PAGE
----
Business consulting services
Our business consulting services can help you improve your operational performance and productivity, adding value throughout your growth life cycle.
Business process solutions
We can help you identify, understand and manage potential risks to safeguard your business and comply with regulatory requirements.
Business risk services
The relationship between a company and its auditor has changed. Organisations must understand and manage risk and seek an appropriate balance between risk and opportunities.
As organisations become increasingly dependent on digital technology, the opportunities for cyber criminals continue to grow.
Forensic and investigation services
At Grant Thornton, we have a wealth of knowledge in forensic services and can support you with issues such as dispute resolution, fraud and insurance claims.
Mergers and acquisitions
Globalisation and company growth ambitions are driving an increase in M&A activity worldwide. We work with entrepreneurial businesses in the mid-market to help them assess the true commercial potential of their planned acquisition and understand how the purchase might serve their longer- term strategic goals.
Recovery and reorganisation
Workable solutions to maximise your value and deliver sustainable recovery
Transactional advisory services
We can support you throughout the transaction process – helping achieve the best possible outcome at the point of the transaction and in the longer term.
We provide a wide range of services to recovery and reorganisation professionals, companies and their stakeholders.
The International Financial Reporting Standards (IFRS) are a set of global accounting standards developed by the International Accounting Standards Board (IASB) for the preparation of public company financial statements. At Grant Thornton, our IFRS advisers can help you navigate the complexity of financial reporting from IFRS 1 to IFRS 17 and IAS 1 to IAS 41.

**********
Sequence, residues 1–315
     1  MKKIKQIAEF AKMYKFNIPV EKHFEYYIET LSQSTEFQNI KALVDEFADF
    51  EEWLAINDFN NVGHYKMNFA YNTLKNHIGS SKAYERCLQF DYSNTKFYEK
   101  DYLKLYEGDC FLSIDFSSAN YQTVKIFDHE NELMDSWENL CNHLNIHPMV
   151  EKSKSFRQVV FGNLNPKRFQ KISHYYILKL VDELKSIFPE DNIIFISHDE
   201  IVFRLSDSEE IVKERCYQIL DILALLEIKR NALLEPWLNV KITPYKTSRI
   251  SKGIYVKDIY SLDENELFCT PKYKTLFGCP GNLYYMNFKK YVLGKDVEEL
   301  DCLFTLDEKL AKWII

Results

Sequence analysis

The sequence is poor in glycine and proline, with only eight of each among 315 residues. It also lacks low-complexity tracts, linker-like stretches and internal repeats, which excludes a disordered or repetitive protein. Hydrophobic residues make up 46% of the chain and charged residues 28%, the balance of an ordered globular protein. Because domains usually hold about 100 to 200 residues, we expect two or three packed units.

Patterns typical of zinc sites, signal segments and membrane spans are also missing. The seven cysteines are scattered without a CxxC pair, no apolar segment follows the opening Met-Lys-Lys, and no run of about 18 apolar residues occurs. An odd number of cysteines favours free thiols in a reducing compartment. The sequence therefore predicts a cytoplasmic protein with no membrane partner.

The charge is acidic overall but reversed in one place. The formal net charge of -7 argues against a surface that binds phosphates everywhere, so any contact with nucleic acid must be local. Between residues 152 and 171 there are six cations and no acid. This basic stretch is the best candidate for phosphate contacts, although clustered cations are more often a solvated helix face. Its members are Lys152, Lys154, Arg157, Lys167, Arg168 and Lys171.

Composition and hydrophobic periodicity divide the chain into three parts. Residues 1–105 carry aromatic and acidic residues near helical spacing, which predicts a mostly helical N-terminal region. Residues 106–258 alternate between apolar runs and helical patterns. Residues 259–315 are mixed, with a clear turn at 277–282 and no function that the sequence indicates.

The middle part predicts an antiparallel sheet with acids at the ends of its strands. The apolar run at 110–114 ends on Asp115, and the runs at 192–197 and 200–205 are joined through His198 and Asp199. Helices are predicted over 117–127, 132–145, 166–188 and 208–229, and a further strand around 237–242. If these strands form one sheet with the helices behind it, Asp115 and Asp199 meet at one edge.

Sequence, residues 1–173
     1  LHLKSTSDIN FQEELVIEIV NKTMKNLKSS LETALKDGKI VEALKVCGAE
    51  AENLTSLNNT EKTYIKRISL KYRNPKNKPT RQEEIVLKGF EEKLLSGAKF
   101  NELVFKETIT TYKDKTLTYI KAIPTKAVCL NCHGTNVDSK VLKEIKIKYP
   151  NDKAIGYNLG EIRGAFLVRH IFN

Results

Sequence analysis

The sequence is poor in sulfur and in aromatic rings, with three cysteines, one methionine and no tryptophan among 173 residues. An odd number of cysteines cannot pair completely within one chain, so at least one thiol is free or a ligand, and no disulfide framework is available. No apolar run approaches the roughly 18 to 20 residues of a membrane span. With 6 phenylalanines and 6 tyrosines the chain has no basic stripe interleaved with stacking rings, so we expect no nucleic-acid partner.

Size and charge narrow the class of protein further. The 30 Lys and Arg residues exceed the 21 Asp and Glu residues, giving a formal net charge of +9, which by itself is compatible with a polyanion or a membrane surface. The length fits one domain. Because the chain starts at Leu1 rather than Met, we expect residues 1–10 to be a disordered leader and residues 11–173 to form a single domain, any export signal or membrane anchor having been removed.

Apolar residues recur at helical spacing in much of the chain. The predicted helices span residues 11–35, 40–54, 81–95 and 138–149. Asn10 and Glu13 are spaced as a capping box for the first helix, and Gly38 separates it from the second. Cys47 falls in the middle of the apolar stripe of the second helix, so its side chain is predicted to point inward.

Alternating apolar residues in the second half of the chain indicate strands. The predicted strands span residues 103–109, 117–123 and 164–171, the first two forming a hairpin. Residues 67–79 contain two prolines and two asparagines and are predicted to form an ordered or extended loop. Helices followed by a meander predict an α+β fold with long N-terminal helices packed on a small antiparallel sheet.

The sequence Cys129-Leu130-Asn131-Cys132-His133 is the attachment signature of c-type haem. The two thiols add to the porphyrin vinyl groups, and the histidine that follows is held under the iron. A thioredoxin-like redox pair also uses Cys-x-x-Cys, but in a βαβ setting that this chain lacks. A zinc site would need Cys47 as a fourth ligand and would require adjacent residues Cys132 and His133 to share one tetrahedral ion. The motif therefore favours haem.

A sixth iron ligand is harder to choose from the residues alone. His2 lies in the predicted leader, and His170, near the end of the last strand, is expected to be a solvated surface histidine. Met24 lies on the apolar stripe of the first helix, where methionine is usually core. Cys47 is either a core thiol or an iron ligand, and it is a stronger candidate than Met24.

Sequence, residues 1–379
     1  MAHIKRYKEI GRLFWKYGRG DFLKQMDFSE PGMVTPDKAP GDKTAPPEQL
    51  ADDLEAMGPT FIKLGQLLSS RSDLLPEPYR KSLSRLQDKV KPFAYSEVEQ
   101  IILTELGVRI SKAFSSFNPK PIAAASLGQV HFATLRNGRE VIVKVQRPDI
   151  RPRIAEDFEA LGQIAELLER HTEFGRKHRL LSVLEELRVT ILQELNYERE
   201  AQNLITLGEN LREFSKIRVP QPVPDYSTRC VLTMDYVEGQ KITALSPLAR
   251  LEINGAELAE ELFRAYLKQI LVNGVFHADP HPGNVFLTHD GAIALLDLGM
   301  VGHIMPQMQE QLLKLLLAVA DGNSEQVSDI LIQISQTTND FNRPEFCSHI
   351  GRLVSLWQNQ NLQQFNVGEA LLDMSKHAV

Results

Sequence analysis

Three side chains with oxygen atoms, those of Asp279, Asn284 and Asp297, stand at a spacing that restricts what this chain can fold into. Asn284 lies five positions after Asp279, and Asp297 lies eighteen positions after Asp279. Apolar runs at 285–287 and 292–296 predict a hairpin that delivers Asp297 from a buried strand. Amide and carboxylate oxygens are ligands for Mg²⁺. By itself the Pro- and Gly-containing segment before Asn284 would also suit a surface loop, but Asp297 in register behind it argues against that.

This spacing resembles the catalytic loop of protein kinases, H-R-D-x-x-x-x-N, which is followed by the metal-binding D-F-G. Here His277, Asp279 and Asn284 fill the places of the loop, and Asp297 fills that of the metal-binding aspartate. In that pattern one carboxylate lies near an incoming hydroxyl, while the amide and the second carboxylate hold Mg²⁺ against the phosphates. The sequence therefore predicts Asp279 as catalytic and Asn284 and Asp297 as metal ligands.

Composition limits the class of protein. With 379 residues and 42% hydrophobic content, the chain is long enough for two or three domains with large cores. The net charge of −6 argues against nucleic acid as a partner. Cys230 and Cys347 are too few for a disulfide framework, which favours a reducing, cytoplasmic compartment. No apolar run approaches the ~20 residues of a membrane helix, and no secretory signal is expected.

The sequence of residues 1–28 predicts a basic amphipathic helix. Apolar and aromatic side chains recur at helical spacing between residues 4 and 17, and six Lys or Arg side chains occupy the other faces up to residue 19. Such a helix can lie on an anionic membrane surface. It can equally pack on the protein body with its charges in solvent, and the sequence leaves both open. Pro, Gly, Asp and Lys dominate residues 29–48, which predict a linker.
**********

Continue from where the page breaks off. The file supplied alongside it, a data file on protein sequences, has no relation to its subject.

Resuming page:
Audit quality monitoring
Having a robust process of quality control is one of the most effective ways to guarantee we deliver high-quality services to our clients.
Global audit technology
We apply our global audit methodology through an integrated set of software tools known as the Voyager suite.
Corporate and business tax
Our trusted teams can prepare corporate tax files and ruling requests, support you with deferrals, accounting procedures and legitimate tax benefits.
Direct international tax
Our teams have in-depth knowledge of the relationship between domestic and international tax laws.
Global mobility services
Through our global organisation of member firms, we support both companies and individuals, providing insightful solutions to minimise the tax burden for both parties.
Indirect international tax
Using our finely tuned local knowledge, teams from our global organisation of member firms help you understand and comply with often complex and time-consuming regulations.
Innovation and investment incentives